Mash Central Projects Will Transform Lives

Development, progress and change makers are measured in terms of how they impact and transform people’s lives and their respective communities.

In recent weeks, Zimbabwe has witnessed activities that are potential pointers to transformation of the northern region of the country.

Three projects are set to anchor the development and transformation of that region are the Muzarabani gas and oil project, the Mavuradonha Dam and the Kanyemba Greenbelt.

The impact of the three projects is set to transform that region ushering in development and progress that translates into real life solutions to everyday challenges that citizens in that part of the country encounter.

Last week saw the presentation of the technical briefing on progress on the Muzarabani gas and oil project. This coincided with the announcement by the Zimbabwe Investment and Development Authority (ZIDA) that the licence for the project had been granted. The Environmental Impact Assessment has also been approved.

The announcement paves the way for stepped up activities on the project in the Zambezi Valley. As a result, next month sees the company undertaking activities such as further exploratory work. Next year will see measurable progress on all the three projects.

The gas and oil company intends sinking two test wells. Depending on the outcomes, a positive drill could be a windfall for Zimbabwe, as has been the pattern and precedence in other parts of the world where drills have been successful.

In the early 1990s Mobil Oil undertook gas and oil explorations in the Zambezi Valley stretching from Hurungwe and Chirundu right down to Mukumbura.

Mobil Oil concluded that there was nearly “100 percent potential of gas and a high possibility of oil occurrence in the Zambezi Valley.

There are strong indications of significant reserves of oil and gas in the Zambezi Valley, with the major issue being determination and quantification of the reserves.

The latest interest by the Australia Stock Exchange-listed company, Invictus Energy, builds on the previous work, backed by the latest technology and appears optimistic of striking better fortunes where Mobil Oil gave up too soon.

This was partly due to the absence of a production sharing agreement and the slow response from Government, which at the time did not consider the project a priority. Invictus Energy’s optimism, while based on new technology, is buttressed by what has happened in neighbouring Mozambique, with which Zimbabwe shares the Zambezi Basin.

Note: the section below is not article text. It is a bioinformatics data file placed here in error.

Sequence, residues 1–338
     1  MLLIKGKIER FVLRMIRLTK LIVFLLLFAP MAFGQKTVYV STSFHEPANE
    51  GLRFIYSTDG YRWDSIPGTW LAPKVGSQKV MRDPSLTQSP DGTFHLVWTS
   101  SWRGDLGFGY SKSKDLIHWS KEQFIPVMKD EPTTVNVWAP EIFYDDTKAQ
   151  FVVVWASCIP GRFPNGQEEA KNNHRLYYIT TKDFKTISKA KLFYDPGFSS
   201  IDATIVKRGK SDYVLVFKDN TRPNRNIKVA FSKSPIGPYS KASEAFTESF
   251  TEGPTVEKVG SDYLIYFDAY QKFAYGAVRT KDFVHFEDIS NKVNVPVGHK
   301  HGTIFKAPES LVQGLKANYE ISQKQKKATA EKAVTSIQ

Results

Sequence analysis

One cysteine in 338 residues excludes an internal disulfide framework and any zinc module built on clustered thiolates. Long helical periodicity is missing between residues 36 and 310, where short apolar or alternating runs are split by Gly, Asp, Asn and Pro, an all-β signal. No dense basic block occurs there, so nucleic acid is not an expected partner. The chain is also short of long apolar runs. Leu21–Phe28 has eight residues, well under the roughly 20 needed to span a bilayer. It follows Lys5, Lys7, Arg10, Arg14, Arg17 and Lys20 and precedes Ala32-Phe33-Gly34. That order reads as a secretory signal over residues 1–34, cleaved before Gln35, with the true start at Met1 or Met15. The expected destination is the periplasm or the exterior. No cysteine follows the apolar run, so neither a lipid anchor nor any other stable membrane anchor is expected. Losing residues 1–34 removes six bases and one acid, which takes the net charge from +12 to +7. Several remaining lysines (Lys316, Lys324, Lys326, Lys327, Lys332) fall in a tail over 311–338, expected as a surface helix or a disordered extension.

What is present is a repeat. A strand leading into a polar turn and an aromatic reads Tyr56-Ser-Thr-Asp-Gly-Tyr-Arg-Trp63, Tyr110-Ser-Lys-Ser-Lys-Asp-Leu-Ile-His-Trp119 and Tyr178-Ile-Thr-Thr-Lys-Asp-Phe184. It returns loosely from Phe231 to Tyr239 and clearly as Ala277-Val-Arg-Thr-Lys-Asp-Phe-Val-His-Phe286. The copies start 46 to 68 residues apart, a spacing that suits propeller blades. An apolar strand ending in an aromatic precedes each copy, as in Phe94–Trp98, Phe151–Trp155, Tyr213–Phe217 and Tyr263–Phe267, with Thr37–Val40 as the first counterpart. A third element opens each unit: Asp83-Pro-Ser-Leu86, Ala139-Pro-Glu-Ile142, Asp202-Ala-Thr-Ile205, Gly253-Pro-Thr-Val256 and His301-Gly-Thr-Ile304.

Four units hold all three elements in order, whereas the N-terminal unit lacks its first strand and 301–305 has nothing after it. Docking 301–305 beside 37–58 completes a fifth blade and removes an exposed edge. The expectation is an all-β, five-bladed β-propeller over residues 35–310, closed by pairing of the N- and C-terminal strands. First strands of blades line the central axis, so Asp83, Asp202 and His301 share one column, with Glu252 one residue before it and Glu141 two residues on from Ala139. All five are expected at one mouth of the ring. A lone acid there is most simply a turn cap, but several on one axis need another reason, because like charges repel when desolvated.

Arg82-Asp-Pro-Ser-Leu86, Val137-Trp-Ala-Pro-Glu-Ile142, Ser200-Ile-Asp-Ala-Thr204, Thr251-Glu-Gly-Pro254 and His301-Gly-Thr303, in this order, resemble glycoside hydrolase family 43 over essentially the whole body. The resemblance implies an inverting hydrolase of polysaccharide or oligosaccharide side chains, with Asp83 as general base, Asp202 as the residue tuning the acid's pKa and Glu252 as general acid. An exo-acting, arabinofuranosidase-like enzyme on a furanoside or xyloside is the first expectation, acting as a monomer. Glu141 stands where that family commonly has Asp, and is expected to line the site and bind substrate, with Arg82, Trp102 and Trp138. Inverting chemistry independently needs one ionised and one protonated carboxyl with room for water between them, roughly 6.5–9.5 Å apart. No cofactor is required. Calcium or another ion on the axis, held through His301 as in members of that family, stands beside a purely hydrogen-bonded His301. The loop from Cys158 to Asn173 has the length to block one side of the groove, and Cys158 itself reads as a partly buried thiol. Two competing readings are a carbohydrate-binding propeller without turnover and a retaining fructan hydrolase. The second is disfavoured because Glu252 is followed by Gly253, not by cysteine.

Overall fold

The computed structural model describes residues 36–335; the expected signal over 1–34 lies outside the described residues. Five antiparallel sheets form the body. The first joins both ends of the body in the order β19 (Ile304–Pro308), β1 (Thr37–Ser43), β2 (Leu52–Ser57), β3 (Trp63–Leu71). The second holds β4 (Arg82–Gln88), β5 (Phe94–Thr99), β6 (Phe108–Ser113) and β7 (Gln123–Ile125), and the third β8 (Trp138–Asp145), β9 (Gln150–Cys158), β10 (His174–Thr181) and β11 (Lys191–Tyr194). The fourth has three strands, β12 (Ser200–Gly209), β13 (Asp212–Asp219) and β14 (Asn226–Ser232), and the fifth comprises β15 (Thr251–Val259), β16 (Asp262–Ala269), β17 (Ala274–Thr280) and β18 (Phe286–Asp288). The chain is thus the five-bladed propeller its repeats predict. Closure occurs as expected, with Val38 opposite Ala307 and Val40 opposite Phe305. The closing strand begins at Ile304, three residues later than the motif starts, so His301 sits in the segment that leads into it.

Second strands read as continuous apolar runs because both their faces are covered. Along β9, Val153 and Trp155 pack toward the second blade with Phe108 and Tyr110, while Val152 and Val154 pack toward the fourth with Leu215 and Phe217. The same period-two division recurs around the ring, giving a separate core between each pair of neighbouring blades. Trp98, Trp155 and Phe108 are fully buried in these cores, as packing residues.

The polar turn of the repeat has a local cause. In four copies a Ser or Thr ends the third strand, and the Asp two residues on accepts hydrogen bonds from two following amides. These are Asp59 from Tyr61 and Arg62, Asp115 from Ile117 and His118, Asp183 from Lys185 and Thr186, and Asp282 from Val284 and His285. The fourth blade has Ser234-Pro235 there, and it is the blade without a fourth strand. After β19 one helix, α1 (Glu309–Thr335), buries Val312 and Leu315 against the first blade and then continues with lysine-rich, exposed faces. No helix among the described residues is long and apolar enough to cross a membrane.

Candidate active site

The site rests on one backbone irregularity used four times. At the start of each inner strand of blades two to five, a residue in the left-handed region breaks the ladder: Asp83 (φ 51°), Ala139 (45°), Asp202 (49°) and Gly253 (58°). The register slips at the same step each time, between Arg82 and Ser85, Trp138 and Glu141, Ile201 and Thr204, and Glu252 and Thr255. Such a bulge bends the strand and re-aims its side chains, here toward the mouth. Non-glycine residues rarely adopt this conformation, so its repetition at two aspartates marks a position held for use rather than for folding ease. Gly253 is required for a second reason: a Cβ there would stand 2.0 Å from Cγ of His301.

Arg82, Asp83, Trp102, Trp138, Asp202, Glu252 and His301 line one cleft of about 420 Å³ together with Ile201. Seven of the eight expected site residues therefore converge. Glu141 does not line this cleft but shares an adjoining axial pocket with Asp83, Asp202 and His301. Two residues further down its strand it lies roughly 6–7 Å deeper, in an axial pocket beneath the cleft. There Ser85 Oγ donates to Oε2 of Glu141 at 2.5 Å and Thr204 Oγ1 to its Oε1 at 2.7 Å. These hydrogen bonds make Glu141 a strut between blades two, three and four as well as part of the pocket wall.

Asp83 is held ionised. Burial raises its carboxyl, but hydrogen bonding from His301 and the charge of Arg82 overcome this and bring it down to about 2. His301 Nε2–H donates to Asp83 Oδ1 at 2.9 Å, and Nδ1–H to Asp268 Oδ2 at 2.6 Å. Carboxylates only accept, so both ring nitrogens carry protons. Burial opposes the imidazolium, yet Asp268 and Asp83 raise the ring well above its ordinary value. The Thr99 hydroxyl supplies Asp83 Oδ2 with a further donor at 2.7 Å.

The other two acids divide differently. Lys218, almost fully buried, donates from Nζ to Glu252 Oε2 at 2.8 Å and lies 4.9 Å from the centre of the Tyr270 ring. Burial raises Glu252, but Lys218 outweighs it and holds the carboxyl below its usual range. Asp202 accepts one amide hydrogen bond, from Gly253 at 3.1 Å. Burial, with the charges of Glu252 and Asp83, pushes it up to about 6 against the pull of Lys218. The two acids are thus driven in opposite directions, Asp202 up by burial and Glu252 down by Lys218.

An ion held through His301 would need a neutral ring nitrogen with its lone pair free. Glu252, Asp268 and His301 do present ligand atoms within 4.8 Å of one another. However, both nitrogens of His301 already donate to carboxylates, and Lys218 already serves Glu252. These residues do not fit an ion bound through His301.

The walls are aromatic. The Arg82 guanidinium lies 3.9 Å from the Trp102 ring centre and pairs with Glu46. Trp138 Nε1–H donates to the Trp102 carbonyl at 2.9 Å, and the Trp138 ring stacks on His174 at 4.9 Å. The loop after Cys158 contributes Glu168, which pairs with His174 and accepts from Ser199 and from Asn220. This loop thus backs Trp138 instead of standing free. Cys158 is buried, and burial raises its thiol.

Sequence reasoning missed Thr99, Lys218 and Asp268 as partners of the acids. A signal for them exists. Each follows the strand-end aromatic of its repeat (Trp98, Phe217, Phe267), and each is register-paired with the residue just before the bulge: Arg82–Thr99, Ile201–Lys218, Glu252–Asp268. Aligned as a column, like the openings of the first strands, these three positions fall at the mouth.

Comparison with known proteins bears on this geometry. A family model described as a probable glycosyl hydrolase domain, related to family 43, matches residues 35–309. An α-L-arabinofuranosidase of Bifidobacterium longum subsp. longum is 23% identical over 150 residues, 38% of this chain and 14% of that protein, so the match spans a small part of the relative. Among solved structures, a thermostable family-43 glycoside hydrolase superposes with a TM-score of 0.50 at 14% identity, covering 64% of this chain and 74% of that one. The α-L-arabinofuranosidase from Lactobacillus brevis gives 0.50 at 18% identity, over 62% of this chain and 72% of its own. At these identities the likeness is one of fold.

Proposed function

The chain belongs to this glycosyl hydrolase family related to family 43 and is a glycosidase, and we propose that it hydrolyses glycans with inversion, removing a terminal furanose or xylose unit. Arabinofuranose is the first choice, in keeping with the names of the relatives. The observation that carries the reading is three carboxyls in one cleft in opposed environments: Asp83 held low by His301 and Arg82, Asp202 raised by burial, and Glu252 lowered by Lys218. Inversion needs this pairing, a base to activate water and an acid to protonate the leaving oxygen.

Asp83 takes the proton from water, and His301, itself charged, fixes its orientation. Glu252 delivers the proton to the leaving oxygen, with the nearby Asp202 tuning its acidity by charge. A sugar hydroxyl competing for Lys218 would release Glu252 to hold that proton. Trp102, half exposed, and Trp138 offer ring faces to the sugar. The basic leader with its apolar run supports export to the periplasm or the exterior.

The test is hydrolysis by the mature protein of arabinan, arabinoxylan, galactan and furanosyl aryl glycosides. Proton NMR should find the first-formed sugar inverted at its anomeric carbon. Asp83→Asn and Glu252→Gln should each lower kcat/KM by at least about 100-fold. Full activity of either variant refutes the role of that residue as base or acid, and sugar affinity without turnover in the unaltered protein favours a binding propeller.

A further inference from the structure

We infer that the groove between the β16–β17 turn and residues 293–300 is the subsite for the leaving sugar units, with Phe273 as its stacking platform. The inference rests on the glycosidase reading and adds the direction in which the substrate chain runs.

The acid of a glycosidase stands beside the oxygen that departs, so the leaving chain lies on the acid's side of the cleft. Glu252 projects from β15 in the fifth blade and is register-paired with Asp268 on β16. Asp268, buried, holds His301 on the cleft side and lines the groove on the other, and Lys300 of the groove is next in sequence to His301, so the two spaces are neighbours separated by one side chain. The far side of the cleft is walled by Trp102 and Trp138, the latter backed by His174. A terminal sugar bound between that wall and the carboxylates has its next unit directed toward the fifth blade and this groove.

A recent oil leak discovered in Lupane appears to confirm the belief that the northern belt of the country could store gas and oil reserves. Mozambique is seen as the new gas and oil Eldorado, locating it among the superpowers in the context of global gas supply. The findings, so far appear to whet the appetite, promising greater expectations.

Other geological surveys of the northern region of Zimbabwe suggest the presence of high volumes of recoverable gas. What has been outstanding has been actual drilling, which should validate previously-held beliefs in the area’s gas and oil potential.

If what has transpired in Mozambique is anything to go by, the Muzarabani gas and oil project could be a significant game changer for the country. It could render Zimbabwe energy secure.

However, for the local authorities in the northern region of Zimbabwe, the expectation is that people from the region and areas identified as sites of operations in the Zambezi Valley, will benefit from much-needed employment opportunities while transforming the development landscape of the region.

Their hope is that unlike chrome, diamond, granite, lithium and platinum projects, the gas and oil discovery will lead to lasting development, transformation of their areas and solutions to everyday challenges they encounter.

The second development witnessed last week involves the planned construction of the Mavuradonha Dam in Muzarabani. Construction of the dam will transform agricultural activities and boost tourism in the area, which offers breath-taking scenic sights.

It will also have immeasurable impact on Muzarabani as it has potential to transform it into a greenbelt by anchoring irrigation projects. Muzarabani business centre will become a strategic link to Mozambique, which will be one of the ready markets.

Horticultural activities will witness a spectacular take off with the ARDA estate as the hub. The climate of the valley will ensure constant production of horticultural crops. A processing factory would be a logical step in adding value to the horticultural produce.

Organisations such as the Agricultural Marketing Authority and ZimTrade could open up conversations with communities in Muzarabani to prime them for production of export crops, through training so that they start small-scale projects in preparation for completion and commissioning of the Mavuradonha Dam. That would be real empowerment and transformational for the people.

The Kanyemba greenbelt, revolving around the proposed town on the banks of Zambezi River and bordering Mozambique and Zambia is one of the major developments destined to transform the northern region of the country. While preliminary work has already begun, the project is expected to be pick up pace next year, as are the other two projects taking shape in the region.

The northern region is set to become one of the major areas of investment and business.

In the process, the region will be transformed. These are projects that will impact lives of the people, communities and for the good of the business and the country.

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